Config filePermalink to “Config file”
To start handling translations, create a JSON file called
lit-localize.json in your project's root directory.
Config optionsPermalink to “Config options”
Required locale code that templates in the source code are written in.
Required locale codes that templates will be localized to.
Path to a
tsconfig.jsonfile that describes the TypeScript source files from which messages will be extracted.
"transform" | "runtime"
What kind of output should be produced. See modes.
Optional filepath for a generated TypeScript module that exports
allLocalesusing the locale codes from your config file. Use to keep your config file and client config in sync.
"xliff" | "xlb"
Data format to be consumed by your localization process. Options:
"xliff": XLIFF 1.2 XML format
"xlb": Google-internal XML format
Transform mode only
Output directory for generated TypeScript modules. Into this directory will be generated a
targetLocale, each a TypeScript module that exports the translations in that locale keyed by message ID.
Directory on disk to read/write
.xlfXML files. For each target locale, the path
"<xliffDir>/<locale>.xlf"will be used.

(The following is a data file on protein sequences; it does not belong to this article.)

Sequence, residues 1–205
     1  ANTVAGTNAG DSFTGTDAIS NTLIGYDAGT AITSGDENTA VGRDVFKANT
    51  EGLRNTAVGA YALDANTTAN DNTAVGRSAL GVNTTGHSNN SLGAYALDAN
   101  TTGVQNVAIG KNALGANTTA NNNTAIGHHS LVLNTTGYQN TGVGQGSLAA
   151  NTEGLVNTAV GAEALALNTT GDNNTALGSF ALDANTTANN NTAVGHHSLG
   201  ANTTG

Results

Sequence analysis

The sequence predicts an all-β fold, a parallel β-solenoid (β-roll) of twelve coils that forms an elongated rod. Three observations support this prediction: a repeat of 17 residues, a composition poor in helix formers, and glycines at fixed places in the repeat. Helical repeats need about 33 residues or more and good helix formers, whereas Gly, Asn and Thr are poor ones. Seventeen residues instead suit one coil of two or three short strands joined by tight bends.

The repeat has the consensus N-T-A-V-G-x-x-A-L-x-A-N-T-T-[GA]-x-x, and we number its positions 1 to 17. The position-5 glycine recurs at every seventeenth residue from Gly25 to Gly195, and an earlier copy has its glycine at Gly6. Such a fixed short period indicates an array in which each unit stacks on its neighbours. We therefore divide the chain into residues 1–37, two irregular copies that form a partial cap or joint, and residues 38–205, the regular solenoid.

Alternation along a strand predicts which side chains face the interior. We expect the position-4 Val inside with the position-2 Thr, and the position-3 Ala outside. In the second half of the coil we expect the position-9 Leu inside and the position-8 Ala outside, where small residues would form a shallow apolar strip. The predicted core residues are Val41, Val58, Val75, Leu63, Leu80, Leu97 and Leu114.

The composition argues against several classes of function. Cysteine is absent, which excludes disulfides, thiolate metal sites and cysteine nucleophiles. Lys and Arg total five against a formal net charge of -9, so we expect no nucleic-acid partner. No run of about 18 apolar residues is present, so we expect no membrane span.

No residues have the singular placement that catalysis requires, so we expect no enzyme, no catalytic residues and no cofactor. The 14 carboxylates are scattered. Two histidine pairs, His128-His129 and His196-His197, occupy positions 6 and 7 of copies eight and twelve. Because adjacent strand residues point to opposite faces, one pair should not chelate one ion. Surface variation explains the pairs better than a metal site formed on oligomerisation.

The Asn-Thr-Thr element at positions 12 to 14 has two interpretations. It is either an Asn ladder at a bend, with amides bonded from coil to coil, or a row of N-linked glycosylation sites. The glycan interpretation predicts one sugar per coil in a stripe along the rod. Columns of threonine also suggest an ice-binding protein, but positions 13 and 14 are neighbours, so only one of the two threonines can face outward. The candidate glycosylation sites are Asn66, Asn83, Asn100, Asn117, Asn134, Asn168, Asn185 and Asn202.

Extracting messagesPermalink to “Extracting messages”
lit-localize extract command to generate an XLIFF file for each target locale. XLIFF is an XML format supported by many localization tools and services. XLIFF files will be written to the directory specified by the
interchange.xliffDir config option.
Translation with XLIFFPermalink to “Translation with XLIFF”
XLIFF files can be edited manually, but more typically they are sent to a third-party translation service, where they are edited by language experts using specialized tools.
After uploading an XLIFF file to your chosen translation service, you will eventually receive a new XLIFF file in response. The new XLIFF file will look just like the one you uploaded, but with
<target> tags inserted into each
When you receive a new translation XLIFF file, save it to your
xliff/ directory, overwriting your original version.
Building a localized appPermalink to “Building a localized app”
lit-localize build command to incorporate translations back into your application. The behavior of this command depends on the mode you have configured.
Switching localesPermalink to “Switching locales”